Just about everyone knows that if you want your home or building to be more efficient, you ad more insulation right? Not really. Adding insulation may increase your building's R-value, but it may not save you any money at all. Fiberglass insulation is one of those materials that probably won't save you a dime on your energy costs. I will explain this later, but first let us talk about the science behind fiberglass insulation.
Fiberglass insulation is NOT an insulator. The tiny air pockets fiberglass insulation creates is the insulator. Confused? I was at first also. The way fiberglass is supposed to work is the area that the fiberglass insulation occupies is meant to trap the cold or warm air (depending on the climate and the season) from penetrating into your home. There are a few problems with this theory however:
1) Problem #1 If you have a fiberglass batt and you turn it on it's side, it is layered like a cake. Each one of these layers has these air pockets. Well, if you have air pockets stacked upon air pockets, isn't that just a really thick filter? Yes. It is going to slow the transfer of energy down, but as it does, the material itself loses R-value and efficiency making it significantly less effective while allowing air movement through the cavity it occupies. Loss fill fiberglass is that much more ineffective because of the larger air pockets allowing more air to travel through.
2) Problem #2The ideal situation thermal dynamically would be if the warm air met with the cold air in the middle of the insulation material so virtually no moisture is created. If you recall from high school when warm air meets cold air condensation forms. The reason is because there is too large of a temperature difference so the warm and cold air are generally meeting on the drywall or the plastic between the drywall and the insulation. When this occurs, the moisture condensates on the plastic vapor barrier, drips down the wall, and rots away whatever the water sits on creating mold and rot. Please understand that this scenario does not ALWAYS happen. It is much more common in homes that are sealed too tight and not properly ventilated and also in buildings that are framed with steel or aluminum studs.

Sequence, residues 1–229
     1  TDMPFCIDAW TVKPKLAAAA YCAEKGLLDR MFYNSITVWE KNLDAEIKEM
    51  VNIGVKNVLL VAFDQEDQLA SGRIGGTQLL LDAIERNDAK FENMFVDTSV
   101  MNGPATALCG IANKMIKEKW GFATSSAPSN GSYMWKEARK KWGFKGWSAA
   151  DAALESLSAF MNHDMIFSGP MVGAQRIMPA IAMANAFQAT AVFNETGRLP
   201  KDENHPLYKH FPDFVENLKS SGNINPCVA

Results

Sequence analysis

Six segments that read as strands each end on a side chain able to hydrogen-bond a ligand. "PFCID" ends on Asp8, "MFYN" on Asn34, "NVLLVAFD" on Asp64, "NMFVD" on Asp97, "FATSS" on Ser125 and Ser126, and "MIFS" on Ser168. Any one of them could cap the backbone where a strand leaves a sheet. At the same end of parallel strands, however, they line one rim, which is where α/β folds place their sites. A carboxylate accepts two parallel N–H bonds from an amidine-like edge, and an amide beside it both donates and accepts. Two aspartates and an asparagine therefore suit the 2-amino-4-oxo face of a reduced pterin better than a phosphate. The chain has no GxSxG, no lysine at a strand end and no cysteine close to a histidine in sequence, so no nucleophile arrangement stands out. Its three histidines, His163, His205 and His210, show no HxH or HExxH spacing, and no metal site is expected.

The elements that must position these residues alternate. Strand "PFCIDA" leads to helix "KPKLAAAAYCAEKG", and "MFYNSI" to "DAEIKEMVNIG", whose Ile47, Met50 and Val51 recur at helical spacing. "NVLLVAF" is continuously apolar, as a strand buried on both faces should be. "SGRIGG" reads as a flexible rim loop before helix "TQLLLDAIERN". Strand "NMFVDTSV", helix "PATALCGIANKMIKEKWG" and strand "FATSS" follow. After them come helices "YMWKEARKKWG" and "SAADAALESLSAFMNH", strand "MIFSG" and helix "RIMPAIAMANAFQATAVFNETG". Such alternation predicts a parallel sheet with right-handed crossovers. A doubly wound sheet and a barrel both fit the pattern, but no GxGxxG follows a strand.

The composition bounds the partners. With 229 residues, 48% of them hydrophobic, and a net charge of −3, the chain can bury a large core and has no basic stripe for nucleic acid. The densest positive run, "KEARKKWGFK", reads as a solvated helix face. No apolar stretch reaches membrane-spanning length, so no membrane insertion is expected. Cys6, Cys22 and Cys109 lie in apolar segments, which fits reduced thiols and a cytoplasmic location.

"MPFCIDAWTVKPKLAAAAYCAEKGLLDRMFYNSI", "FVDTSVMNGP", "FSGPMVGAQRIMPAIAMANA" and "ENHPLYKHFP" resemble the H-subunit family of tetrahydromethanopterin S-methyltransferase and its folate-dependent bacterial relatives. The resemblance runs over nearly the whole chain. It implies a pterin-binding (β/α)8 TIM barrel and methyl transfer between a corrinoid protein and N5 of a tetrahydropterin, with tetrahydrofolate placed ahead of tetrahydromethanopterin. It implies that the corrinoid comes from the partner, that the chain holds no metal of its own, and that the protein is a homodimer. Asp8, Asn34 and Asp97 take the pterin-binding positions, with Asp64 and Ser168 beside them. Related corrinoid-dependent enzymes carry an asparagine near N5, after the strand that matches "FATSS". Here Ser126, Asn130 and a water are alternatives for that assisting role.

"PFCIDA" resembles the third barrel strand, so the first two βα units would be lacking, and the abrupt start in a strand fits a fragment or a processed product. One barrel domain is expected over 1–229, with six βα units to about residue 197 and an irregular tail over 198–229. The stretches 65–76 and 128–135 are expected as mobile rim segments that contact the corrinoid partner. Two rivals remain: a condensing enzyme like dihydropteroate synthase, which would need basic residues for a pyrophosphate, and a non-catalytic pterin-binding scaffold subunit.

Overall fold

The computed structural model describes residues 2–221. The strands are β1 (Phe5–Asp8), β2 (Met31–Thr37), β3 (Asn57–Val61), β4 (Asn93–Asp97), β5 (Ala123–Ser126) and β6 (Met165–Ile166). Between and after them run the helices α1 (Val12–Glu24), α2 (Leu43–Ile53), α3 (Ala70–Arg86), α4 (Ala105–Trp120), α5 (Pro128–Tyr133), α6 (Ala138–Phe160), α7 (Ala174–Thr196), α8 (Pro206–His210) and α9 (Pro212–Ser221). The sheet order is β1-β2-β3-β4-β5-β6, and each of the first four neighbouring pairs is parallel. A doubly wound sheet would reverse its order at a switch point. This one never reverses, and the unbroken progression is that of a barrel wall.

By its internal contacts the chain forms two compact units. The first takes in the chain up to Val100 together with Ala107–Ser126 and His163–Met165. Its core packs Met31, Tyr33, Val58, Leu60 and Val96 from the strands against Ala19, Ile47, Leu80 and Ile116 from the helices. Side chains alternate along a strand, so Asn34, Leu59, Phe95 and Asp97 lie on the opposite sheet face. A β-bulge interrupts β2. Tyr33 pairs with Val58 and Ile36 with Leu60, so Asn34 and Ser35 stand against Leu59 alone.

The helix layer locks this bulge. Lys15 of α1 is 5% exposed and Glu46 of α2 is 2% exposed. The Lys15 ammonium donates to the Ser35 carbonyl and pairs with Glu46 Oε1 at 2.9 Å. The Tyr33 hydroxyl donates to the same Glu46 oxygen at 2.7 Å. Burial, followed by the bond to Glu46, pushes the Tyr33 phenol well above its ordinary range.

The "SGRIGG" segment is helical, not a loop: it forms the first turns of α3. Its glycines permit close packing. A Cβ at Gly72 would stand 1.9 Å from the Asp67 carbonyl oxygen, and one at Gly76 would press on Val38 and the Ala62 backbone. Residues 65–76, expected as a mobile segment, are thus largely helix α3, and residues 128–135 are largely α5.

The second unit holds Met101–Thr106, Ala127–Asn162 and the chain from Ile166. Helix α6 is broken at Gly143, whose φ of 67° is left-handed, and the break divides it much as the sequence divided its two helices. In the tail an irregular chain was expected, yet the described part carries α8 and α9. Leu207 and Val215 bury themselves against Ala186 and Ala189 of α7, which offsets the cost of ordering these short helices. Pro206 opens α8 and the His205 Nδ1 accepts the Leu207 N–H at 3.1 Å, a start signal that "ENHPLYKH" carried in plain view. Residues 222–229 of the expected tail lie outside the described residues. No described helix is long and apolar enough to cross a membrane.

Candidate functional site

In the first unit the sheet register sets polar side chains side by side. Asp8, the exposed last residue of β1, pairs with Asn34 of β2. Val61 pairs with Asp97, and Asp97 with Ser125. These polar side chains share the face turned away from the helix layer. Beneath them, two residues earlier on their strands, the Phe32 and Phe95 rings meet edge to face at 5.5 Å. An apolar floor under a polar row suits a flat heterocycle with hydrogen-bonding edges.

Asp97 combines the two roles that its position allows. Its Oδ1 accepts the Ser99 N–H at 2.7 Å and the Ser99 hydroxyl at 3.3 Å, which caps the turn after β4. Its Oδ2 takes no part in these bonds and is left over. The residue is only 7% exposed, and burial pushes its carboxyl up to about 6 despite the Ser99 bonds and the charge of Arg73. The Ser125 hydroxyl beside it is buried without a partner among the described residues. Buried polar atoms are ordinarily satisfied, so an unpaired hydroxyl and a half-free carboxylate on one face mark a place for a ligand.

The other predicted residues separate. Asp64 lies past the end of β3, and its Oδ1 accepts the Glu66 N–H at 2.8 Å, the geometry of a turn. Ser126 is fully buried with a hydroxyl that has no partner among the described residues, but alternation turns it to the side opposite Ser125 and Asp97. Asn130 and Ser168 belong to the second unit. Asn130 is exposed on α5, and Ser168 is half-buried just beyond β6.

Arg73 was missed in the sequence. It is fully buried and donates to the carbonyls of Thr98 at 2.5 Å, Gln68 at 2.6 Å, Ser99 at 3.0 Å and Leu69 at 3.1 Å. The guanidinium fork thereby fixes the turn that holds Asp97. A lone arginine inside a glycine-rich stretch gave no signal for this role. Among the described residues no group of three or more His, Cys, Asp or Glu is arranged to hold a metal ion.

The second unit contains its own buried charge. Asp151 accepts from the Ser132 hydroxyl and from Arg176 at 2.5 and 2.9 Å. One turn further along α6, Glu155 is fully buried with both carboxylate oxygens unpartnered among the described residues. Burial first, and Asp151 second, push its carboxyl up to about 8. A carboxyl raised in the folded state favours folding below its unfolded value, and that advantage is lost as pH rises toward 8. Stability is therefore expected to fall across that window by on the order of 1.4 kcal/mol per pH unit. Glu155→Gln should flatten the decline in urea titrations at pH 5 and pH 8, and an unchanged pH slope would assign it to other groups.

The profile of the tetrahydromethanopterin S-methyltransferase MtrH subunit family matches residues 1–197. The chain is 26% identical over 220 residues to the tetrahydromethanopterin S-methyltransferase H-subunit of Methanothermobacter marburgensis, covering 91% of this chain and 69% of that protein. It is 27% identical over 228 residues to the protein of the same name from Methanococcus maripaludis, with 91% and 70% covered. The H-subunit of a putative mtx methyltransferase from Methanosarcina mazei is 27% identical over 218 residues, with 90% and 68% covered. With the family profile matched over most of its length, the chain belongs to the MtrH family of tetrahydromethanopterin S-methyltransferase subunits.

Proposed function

3) Problem #3 Last time I checked, fiberglass is made primarily of spun glass fibers. Glass is a good conductor of energy. In other words, it absorbs heat and cold well. So if the temperature outside is 30 degrees, the temperature of the fiberglass insulation on the outside is going to absorb that cold and transfer it across the fibers in contact with the outside fibers making the air pockets cold and dropping the R-value of the insulation. If the air is hot, the same concept applies.
The fact is is that fiberglass insulation is effected too many ways to be truely an efficient insulation material. The reason that air sealing homes has become such a topic in recent years is because of fiberglass insulation applications and the problems that have been identified with it. So why is fiberglass the most widely used and advertised insulation material on the market? For one reason. It is easy to produce, easy to install, and its cheap. You can insulate to code with fiberglass insulation an entire home for as little as $2,000. If you are willing to use an inferior material or just do not care about anything other than price, this is definitely the material for you.